Rosalind Connor in Economia on what the Budget means for pensions
Rosalind Connor of Arc Pension Law examines what this year’s Budget means for pensions
For an industry whose tax treatment has generated a lot of headlines over recent weeks, pensions has escaped very lightly from the 2016 Budget. Osborne had been considering radical changes to pensions taxation following his July 2015 Budget, with a clear indication that he would change to a taxed up front, no tax on growth and receipt basis (the so called TEE structure), like that for ISAs. Then, it was hinted, he had threatened this very radical change in order to slip through smaller, but still significant changes, such as the end of the tax-free pensions commencement lump sum, of up to 25% of fund, or limiting tax relief on contributions to basic rate tax.
In the end, he did none of these. Pension taxation was left strictly alone. Much political speculation will no doubt follow as to who changed his mind (if his mind had been made up) but he may have simply heeded the responses to the consultation that followed the July 2015 announcement, in which it was clear that most (if not all) respondents felt that the uncertainty and complexity that disincentivised pension savings was due at least in part to the continuous change in the system. If pensions tax changes again, pensions will continue to seem unattractively complex.
The lack of comprehension of the pension rights and available choices is still a focus for the Chancellor. He announced a Pension Dashboard product to be introduced by 2019, presumably to be adopted by all providers, to allow individuals to understand their rights under the range of different pensions they may accrue in their lifetimes. The Pensions Regulator has apparently been looking at this issue, and so is likely to be taking a lead.
He also announced proposals for a Pensions Advice Allowance (to be introduced following consultation), by which an individual will be able to withdraw up to £500, presumably tax free, from their DC pensions pot to pay for financial advice. This may be an acknowledgement that PensionWise, the pensions guidance offered for free and announced initially as advice by the chancellor two years ago with his Freedom and Choice pension reforms, is not able to fully equip individuals to make the complex decisions about their pension pots and retirement. PensionWise will no doubt be subject to some upheaval, as one of its two providers, the Money Advice Service (MAS) is being closed down, perhaps indicating that the Chancellor’s love affair with the concept is waning.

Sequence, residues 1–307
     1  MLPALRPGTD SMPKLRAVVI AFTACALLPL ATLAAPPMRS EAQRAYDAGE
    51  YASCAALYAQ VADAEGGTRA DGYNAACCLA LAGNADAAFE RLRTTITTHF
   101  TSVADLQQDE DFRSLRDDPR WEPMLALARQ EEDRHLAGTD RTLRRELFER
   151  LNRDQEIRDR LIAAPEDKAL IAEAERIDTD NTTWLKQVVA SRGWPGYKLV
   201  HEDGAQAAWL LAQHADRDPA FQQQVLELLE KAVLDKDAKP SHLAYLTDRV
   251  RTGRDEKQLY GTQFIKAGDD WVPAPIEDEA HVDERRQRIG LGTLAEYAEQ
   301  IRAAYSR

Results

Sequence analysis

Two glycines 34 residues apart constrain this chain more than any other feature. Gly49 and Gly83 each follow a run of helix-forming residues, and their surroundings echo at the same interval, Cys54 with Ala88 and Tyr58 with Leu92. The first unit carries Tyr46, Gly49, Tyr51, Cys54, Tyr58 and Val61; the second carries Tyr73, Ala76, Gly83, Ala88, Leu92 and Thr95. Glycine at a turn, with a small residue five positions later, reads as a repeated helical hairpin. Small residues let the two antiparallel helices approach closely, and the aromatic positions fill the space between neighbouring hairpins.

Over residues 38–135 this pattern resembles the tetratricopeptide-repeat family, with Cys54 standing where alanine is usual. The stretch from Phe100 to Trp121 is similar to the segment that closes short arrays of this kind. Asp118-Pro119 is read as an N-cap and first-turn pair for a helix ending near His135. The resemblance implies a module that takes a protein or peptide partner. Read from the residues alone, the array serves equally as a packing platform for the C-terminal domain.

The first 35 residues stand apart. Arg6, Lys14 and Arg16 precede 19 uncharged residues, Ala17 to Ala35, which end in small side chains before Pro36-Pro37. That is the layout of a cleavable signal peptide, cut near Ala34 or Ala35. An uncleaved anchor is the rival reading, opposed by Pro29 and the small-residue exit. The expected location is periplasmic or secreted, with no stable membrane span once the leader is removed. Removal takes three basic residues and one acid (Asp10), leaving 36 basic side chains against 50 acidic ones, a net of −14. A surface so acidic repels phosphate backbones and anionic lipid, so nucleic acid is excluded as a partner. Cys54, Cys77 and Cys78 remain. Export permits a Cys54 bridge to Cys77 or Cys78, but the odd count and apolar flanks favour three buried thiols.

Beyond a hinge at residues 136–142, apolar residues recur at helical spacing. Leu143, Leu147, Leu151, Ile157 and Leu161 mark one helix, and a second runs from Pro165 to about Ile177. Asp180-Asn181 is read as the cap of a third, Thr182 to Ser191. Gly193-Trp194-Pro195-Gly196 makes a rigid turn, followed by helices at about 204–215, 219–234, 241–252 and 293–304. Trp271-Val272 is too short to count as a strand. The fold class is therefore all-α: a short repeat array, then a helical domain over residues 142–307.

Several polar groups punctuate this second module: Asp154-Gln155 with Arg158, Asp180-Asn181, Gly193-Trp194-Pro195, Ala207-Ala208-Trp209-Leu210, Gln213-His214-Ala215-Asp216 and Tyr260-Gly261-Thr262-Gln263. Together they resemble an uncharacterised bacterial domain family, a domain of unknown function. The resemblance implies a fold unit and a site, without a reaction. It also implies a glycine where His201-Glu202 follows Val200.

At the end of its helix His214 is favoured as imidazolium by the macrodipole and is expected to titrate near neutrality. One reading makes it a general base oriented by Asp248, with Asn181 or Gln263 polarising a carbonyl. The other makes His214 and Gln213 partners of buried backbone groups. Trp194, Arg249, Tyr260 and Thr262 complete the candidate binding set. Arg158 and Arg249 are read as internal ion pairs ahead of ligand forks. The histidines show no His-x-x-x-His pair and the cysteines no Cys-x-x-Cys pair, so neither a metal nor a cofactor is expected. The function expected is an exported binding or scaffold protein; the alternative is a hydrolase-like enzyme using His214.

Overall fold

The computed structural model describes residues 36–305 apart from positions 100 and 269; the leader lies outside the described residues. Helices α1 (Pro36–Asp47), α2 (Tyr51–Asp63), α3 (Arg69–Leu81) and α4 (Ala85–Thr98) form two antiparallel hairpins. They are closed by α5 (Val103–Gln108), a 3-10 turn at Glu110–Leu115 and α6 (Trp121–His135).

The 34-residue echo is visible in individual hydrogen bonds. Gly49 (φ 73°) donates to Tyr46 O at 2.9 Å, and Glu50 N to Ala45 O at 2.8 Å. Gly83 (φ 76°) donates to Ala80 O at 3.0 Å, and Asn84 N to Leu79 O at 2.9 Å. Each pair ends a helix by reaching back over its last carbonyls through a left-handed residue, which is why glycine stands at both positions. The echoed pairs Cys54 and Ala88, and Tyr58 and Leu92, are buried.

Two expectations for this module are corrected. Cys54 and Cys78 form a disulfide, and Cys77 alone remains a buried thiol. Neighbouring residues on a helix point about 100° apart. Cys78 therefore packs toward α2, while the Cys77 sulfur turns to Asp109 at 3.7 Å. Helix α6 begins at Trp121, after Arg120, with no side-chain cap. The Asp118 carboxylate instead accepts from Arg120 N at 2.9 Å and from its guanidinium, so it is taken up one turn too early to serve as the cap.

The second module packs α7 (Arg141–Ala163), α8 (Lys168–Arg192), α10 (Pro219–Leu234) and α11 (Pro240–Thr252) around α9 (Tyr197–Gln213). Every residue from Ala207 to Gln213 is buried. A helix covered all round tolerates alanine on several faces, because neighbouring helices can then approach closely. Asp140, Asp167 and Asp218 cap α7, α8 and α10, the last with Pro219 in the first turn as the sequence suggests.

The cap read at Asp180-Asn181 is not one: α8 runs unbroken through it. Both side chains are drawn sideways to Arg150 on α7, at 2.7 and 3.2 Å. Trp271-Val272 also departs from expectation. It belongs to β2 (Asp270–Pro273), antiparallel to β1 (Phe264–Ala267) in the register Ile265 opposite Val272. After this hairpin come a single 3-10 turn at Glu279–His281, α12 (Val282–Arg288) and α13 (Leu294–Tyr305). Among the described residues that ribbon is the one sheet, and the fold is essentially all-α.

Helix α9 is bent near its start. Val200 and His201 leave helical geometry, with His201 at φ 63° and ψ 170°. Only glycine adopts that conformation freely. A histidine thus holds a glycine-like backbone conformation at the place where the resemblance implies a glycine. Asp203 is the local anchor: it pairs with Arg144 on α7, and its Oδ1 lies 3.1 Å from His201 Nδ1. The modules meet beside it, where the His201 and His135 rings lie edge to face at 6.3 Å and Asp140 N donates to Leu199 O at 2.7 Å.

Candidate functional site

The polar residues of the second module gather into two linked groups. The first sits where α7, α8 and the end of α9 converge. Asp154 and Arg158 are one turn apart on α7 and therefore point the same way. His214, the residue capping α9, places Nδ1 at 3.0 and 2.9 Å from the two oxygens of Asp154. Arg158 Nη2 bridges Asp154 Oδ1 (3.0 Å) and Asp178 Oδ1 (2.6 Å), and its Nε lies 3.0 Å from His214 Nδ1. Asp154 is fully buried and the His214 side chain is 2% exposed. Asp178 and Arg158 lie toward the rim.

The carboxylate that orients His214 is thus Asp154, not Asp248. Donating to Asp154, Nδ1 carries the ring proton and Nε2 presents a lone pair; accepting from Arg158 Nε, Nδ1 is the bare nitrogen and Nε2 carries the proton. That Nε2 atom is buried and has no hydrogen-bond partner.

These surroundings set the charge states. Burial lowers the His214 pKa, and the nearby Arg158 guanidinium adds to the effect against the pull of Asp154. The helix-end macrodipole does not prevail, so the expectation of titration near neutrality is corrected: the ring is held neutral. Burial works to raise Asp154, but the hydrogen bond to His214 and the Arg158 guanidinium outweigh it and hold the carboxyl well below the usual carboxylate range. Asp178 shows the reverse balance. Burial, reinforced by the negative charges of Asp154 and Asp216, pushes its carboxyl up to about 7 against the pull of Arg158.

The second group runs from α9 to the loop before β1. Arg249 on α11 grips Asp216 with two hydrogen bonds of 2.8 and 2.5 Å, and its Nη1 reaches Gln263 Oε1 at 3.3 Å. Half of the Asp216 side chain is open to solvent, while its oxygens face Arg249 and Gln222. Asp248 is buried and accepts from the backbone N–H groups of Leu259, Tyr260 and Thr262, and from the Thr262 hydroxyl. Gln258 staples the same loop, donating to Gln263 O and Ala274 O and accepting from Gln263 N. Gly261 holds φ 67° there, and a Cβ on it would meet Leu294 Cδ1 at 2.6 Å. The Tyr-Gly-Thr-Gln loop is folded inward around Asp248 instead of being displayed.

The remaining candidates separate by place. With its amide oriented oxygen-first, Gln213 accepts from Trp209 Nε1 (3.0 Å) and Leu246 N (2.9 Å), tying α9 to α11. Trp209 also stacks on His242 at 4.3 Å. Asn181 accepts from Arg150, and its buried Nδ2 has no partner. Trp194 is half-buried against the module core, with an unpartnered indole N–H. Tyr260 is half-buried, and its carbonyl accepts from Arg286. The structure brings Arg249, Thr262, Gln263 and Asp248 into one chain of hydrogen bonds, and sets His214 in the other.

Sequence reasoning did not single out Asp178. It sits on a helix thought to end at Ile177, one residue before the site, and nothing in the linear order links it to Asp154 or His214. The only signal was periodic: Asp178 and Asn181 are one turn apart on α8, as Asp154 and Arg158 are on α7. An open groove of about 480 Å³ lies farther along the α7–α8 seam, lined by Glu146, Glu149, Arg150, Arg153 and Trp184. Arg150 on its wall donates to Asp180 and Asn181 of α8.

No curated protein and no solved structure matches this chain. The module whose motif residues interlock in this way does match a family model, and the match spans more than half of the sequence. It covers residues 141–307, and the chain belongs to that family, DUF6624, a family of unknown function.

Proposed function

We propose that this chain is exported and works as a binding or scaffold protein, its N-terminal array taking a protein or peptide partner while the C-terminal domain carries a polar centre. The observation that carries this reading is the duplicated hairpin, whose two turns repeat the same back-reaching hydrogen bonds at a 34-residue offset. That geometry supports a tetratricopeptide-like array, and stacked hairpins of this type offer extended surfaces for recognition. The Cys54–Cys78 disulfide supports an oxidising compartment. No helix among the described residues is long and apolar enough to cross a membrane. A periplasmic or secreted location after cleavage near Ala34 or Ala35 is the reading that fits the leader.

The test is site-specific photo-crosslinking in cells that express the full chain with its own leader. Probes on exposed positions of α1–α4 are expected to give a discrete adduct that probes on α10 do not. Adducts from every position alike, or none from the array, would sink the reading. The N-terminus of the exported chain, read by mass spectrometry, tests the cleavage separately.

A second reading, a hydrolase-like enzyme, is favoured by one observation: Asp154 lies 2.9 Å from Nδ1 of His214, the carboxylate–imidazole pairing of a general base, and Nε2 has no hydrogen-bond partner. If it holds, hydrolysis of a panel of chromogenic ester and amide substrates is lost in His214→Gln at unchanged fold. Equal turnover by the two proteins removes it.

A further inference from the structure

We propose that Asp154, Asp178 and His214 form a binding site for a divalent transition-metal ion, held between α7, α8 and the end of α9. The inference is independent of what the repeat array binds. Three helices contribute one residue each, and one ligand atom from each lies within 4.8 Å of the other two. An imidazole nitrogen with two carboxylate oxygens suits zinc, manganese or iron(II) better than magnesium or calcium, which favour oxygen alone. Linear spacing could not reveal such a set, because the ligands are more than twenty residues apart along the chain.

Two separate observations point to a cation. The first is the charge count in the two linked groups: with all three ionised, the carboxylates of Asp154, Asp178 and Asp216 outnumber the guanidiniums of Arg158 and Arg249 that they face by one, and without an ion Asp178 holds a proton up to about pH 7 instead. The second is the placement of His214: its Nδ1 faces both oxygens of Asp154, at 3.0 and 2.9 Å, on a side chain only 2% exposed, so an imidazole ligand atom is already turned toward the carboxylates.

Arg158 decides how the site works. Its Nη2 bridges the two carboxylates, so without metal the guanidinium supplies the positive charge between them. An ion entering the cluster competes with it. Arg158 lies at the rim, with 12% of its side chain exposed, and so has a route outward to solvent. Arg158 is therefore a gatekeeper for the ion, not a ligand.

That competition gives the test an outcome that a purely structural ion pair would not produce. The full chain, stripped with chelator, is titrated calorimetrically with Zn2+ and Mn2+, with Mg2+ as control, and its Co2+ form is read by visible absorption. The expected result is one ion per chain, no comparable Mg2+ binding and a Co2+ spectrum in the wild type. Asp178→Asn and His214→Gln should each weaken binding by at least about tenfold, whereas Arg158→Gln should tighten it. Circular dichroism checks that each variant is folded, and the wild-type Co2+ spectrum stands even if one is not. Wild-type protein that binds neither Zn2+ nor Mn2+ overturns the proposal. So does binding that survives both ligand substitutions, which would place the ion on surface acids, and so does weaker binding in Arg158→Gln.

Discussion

One love affair that continues, however, is Osborne’s delight in ISAs. It appears that he views the ISA as a clearer, simpler product than a pension (which it is) which therefore is more able to encourage saving. Of course, it also results in earlier tax receipts, which must always be attractive to the Treasury. The development of the new Lifetime ISA for the under 40s, including a bonus available only if the funds are used to buy a house or if they are kept in the ISA past the age of 60 and are used for retirement suggests an encouragement for retirement savings through ISAs, which draws parallels with the US savings plan known as the 401k, which is regularly used for pensions saving. Perhaps, having failed to change the tax treatment of pensions to become “pension ISAs”, the chancellor wishes to create them in any event, by developing ISA products to act as pensions. It will be interesting to see how successful these are.
In all, pensions have been left surprisingly alone. Even the use of salary sacrifice in pensions, challenged last year, has now been cleared explicitly for pensions and some other benefits, with the review and possible removal of favourable tax treatment being limited to other employee benefits.
It may be that Mr Osborne has been frightened off by backbenchers and the pensions minister, Ros Altmann. However, it may well be that pensions has ceased to be his focus, as other matters take centre stage. If this is the case, he is the first chancellor to feel this way for some years, and the pensions industry may be allowed to draw its first, tentative, sigh of relief.
Read the full article in Economia here.
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